When there were technical difficulties with the video projector at her campus screening, Lisa Hawkins didn’t panic. She hewed to the hosting formula of her predecessors: She’d heard 10x10's Derek Knowles talk about the film during a sneak preview at the Hinckley Institute of Politics at the University of Utah, where Lisa serves as a student staff member. She’d helped Clifford Potter, who organized a screening of Girl Rising at the Eccles Center in Park City, with promotion and outreach. She’d witnessed Director Richard Robbins answer questions at a viewing. Lisa had become a purveyor of Girl Rising facts and was, therefore, able to moderate her own Q&A segment while the projector was being fixed.

More than 100 attendees attended her screening and more than 800 books- ranging from Shakespeare to “Harry Potter”- were submitted for donation to the Salt Lake City YWCA. Attendees who donated five books were given free entry to the theatre. Lisa even arranged for a local water company, People Water, to donate water bottles to the event. Several people asked how they could bring Girl Rising to their communities and more than $500 was raised for the 10x10 Fund.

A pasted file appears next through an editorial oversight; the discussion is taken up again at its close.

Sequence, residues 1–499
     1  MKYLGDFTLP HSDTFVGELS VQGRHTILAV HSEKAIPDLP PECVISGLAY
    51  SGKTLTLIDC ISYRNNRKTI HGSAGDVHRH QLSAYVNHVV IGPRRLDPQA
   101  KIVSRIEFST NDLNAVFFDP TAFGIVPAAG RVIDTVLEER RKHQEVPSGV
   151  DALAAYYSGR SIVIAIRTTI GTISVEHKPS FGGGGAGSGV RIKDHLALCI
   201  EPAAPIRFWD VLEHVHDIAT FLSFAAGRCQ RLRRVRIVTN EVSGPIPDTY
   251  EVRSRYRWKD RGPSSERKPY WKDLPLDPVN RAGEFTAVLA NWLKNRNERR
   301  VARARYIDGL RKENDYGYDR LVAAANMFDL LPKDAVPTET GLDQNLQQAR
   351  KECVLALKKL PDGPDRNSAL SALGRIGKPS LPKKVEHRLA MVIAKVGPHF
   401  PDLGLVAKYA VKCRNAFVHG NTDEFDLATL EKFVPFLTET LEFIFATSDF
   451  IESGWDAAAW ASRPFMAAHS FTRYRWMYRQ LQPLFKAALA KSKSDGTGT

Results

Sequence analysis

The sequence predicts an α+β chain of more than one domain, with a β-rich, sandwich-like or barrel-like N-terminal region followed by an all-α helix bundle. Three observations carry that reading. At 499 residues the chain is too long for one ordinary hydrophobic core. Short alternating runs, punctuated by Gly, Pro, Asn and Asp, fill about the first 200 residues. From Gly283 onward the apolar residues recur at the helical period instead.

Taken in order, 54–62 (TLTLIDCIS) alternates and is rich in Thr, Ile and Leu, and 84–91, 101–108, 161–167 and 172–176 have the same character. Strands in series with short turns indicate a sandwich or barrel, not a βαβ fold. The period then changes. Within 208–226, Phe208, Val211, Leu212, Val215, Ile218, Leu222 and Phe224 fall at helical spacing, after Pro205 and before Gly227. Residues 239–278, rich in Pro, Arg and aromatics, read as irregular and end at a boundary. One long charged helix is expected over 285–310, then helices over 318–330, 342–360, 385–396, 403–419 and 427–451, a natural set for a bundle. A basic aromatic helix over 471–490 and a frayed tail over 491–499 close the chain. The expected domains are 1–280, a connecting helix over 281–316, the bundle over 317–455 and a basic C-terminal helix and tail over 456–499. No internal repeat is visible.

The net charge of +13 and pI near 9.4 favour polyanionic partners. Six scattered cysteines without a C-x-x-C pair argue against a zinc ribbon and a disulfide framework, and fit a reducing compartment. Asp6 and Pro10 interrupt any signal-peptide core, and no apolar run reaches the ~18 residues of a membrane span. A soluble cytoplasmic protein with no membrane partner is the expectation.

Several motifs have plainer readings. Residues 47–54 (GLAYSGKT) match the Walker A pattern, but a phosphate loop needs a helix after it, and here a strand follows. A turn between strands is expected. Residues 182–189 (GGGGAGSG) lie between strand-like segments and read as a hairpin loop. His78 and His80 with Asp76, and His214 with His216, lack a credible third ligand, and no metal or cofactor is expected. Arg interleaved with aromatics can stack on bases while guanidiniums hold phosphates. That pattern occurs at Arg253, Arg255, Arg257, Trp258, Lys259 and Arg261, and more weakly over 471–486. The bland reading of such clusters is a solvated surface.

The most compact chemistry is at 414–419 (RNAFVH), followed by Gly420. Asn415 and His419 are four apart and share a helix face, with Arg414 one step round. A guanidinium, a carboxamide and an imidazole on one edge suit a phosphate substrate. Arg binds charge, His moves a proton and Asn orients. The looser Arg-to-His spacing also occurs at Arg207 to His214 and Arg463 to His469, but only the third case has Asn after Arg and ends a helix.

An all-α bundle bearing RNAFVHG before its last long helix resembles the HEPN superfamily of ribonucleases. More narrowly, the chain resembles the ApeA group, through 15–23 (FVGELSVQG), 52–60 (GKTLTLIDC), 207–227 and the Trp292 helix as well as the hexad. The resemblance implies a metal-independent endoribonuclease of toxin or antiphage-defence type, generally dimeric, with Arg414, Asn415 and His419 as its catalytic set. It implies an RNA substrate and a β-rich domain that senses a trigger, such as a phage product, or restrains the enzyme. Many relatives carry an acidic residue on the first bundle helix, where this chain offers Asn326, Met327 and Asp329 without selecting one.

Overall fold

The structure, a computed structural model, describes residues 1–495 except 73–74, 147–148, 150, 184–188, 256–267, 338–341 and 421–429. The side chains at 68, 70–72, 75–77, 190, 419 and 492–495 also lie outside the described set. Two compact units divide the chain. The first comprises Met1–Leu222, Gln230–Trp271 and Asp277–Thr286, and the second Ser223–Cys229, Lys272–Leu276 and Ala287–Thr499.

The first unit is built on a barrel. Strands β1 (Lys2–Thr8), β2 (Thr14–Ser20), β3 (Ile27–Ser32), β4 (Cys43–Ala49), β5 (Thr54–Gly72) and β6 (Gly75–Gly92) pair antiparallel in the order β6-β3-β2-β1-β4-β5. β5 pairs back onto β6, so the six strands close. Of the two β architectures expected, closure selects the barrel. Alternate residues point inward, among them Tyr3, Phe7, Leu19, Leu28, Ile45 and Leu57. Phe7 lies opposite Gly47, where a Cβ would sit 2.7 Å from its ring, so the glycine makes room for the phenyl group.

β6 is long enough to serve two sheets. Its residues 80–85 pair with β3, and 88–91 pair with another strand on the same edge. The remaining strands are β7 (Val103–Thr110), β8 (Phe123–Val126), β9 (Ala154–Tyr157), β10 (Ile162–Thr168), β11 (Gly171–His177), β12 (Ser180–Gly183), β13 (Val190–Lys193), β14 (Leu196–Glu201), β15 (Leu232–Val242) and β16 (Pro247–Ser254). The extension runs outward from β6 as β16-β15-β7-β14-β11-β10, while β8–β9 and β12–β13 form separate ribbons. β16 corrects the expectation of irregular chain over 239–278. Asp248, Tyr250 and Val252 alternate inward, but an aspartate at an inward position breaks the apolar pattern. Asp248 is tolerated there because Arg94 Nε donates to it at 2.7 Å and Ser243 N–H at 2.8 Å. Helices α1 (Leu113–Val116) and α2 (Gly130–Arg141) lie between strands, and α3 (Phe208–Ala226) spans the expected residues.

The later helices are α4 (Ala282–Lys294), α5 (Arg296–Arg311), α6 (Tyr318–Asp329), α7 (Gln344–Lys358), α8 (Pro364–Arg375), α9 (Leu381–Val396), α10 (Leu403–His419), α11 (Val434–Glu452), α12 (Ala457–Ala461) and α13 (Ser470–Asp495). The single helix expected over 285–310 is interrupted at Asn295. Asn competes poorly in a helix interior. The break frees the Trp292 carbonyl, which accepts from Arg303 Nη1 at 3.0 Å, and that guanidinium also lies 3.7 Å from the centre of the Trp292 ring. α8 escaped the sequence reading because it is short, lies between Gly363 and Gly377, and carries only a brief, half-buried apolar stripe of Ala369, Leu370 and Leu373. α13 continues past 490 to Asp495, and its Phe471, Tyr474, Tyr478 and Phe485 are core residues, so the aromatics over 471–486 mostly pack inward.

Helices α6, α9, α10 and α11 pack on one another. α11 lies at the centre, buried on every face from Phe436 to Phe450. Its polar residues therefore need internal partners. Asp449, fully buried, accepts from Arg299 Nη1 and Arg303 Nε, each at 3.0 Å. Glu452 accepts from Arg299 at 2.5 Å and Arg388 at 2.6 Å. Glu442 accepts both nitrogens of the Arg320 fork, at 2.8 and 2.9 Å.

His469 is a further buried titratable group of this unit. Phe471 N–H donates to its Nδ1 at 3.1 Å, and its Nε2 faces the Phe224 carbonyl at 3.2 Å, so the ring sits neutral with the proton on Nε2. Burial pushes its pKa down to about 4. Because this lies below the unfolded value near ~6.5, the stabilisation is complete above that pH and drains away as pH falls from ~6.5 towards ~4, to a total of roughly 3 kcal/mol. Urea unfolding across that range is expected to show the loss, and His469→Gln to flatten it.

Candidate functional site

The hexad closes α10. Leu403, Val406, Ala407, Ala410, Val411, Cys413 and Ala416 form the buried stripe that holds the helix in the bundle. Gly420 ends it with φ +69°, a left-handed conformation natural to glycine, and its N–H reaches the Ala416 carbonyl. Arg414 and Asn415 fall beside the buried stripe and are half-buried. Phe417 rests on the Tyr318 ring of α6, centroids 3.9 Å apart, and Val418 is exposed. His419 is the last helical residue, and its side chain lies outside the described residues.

Organizing her Girl Rising screening prepared Lisa, a college junior at the time, for her summer trip to India where she would volunteer with Maitri. Maitri is a non-governmental organization that works to provide citizenship rights to India’s most vulnerable populations, including women, slum children, migrant workers, and the elderly. "It was great to work for Girl Rising, a cause I believe in. Hopefully I’ll be able to work for causes I believe in all summer,“ she said before leaving for her trip.

When she returned from her trip, she told us about her favorite memory from teaching abroad: The children came every day, though it wasn’t required, because they wanted an education. These children, the majority of them girls, came from surrounding slums and wanted to learn the many things their government schools didn’t have the resources to teach. I often thought of Girl Rising and the freedom those girls found in education. The slum kids of New Delhi wanted that same freedom. Movements like Girl Rising and projects like Maitri’s tutorial center are crucial to global progress and have the potential to truly improve the living standard of those who finally get to claim their right to education. I hope to always work with movements like this, and I hope others will offer their support as well.